By NEIL HARTNELL
Tribune Business Editor
A major cruise line yesterday announced it was swapping regular calls on Nassau and Freeport for an overnight stay in Havana, a move that underscores the increased competitive threat to Bahamian tourism from warmer US-Cuba relations.
Norwegian Cruise Line, in a statement issued to the media, said 25 four and five-day cruises during the 2017 second half will now enjoy “an overnight stay in Cuba’s historical and culturally-rich capital of Havana”.
However, Tribune Business has obtained additional information showing that all-day calls on Nassau and Freeport have been dropped to make way for Havana, dealing a major blow to all Bahamian industries that depend on cruise passengers.
Those sectors that will be impacted by the potential loss of customers, revenues and profits include Bay Street’s retail and restaurant industries, taxi drivers, straw vendors, hair braiders, tour operators and attraction/excursion providers.
Documents obtained by Tribune Business show that the Norwegian Sky’s four and five-day cruises from Miami to the Bahamas typically spend Tuesday’s docked in Freeport from 8am to 5pm, followed by a Wednesday call in Nassau that lasts from 8am to 6pm.
However, the revised itineraries show the Norwegian Sky as arriving in Havana at 8am on Tuesday and not leaving until 3pm the following day, with both Nassau and Freeport dropped from the schedule.
The only ‘Bahamas portion’ retained is the Thursday call on Great Stirrup Cay, Norwegian Cruise Line’s private island in the Berry Island, before the Norwegian Sky returns to Miami.
Obie Wilchcombe, minister of tourism, could not be reached for comment before press time last night. And Norwegian Cruise Line’s media spokespersons did not respond to this newspaper’s request for comment.
However, the cruise line did little to hide its enthusiasm for its new Havana call, with the 25 cruises referenced in its press release added to five earlier sailings in May 2017. The Norwegian Sky was described as the “largest vessel sailing to Cuba”.
“We are thrilled to be the first cruise line able to offer weekly sailings from Miami to Cuba through the fall of 2017, all with overnights in the beautiful city of Havana,” said Andy Stuart, Norwegian Cruise Line’s president and chief executive.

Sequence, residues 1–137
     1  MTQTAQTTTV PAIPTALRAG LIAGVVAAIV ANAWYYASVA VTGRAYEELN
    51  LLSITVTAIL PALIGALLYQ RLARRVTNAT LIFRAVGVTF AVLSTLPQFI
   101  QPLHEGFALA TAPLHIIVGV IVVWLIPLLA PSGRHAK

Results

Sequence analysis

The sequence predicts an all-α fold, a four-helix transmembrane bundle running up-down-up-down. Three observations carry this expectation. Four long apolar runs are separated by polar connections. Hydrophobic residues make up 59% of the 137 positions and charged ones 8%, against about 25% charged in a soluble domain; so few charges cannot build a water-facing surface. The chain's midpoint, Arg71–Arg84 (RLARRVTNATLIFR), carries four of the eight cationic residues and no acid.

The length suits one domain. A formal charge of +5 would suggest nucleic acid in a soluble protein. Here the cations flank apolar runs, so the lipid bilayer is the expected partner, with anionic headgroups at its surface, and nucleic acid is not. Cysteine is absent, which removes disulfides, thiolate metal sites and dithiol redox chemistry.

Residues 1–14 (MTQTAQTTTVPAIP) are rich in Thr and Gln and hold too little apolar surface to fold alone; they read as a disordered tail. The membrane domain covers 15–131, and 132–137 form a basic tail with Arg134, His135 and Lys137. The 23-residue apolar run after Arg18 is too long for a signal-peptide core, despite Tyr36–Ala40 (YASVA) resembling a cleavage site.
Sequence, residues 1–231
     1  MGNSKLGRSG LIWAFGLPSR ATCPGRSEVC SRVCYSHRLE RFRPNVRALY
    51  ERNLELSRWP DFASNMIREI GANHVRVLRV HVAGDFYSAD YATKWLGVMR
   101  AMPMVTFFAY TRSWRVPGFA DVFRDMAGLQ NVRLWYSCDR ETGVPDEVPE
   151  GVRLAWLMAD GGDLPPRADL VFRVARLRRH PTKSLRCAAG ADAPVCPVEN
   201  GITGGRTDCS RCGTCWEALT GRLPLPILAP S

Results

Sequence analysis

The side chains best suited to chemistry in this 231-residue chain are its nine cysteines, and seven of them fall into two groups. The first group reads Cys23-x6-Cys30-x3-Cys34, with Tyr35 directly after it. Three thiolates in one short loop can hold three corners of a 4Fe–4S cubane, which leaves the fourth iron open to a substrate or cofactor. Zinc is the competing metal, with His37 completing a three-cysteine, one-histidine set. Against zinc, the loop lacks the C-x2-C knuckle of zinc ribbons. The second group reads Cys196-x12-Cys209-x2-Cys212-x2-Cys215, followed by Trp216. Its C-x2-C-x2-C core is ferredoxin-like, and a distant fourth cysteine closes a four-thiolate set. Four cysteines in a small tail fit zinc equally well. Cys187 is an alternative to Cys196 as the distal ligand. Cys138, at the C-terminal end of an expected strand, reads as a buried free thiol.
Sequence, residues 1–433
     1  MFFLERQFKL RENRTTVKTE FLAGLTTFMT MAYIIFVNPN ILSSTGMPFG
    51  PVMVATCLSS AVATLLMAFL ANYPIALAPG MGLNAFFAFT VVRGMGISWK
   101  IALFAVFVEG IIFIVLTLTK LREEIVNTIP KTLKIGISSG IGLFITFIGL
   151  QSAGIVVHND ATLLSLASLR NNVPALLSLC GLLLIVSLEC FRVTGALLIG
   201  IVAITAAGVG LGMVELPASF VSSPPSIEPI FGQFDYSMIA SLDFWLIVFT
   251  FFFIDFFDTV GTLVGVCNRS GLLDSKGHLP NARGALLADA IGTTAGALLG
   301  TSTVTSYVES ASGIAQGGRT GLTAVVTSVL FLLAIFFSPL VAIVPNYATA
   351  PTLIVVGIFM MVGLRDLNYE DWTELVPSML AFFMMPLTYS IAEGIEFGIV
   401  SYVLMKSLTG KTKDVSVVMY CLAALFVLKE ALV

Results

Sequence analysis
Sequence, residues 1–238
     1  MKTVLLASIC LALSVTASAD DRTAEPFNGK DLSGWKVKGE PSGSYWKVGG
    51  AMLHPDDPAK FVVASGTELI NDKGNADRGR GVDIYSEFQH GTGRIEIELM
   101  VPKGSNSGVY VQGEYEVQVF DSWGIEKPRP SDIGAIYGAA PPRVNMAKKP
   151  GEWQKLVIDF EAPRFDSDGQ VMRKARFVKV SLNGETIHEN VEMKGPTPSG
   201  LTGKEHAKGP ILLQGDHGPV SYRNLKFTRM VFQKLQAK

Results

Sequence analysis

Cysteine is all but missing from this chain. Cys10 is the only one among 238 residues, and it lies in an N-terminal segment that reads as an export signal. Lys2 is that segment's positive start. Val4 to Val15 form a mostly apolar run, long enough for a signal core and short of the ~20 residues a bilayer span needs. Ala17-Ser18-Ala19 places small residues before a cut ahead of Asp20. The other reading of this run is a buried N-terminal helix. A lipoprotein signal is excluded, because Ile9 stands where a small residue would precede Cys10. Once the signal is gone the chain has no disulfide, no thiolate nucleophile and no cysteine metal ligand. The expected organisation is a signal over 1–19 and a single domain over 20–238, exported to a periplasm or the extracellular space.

“We have seen great demand from our guests for sailings to Cuba, and we look forward to providing more opportunities for them to experience this incredibly culture-rich destination on a weekly basis.”
Lauding Havana’s many assets, the cruise line’s statement added: “The ship will dock right in the heart of Havana, offering guests the opportunity to visit historical sites such as Old Havana, a UNESCO World Heritage Site; view incredible art and listen to the vibrant local music scene; and visit with Cuba’s warm and friendly residents through people-to-people exchanges.
“Norwegian will offer a selection of 15 half and full- day shore excursions, where guests aboard Norwegian Sky will have the opportunity to have a farm to table dining experience, explore the flora and fauna of Soroa, see modern Havana in an American classic car and much more.”
While the Norwegian Sky is just one vessel, its shift to Cuba underlines that the Bahamas can no longer count on its dominance in the three, four and five-day cruise markets as a result of the ‘thaw’ in relations between the US and Havana.
The Jones Act, which refers to section 27 of the US Merchant Marine Act 1920, requires that foreign-flagged cruise ships (many of which are flagged by the Bahamas) have to call on a foreign port before they can return to their home base in the US.
With Cuba previously off limits, the Bahamas was the only nation that could allow the cruise industry to satisfy the Jones Act requirements with its variety of island destinations.
While it remains to be seen whether the new Trump administration will reverse the openings created by Barack Obama, the Norwegian Cruise Line move emphasises that the Bahamas no longer has a monopoly on the competitive advantages flowing from the Jones Act, as there is a new player in the game.
Should other cruise lines divert more of their ships to Cuba, the Bahamian tourism industry, its entrepreneurs and employees, will certainly feel an increasing pinch to their bottom lines and incomes.
Cuba will also be seen as a new, exciting destination with a rich history and culture, attributes that the Bahamas often neglects to play up in its tourism product.
Per capita cruise passenger and crew spending is relatively low in Nassau and Freeport compared to other destinations, given that these cities often feature towards the ‘tail end’ of sailing schedules and are ‘familiar’ locations to many.
And, while the Norwegian Sky will still continue to call on Great Stirrup Cay, the economic benefits from cruise tourism on private islands tend to be weighted more to the cruise lines themselves, rather than local entrepreneurs.
Norwegian Cruise Line described Great Stirrup Cay as “recently enhanced to offer guests exciting new ways to enjoy the island, with additional features to be added through summer 2017”.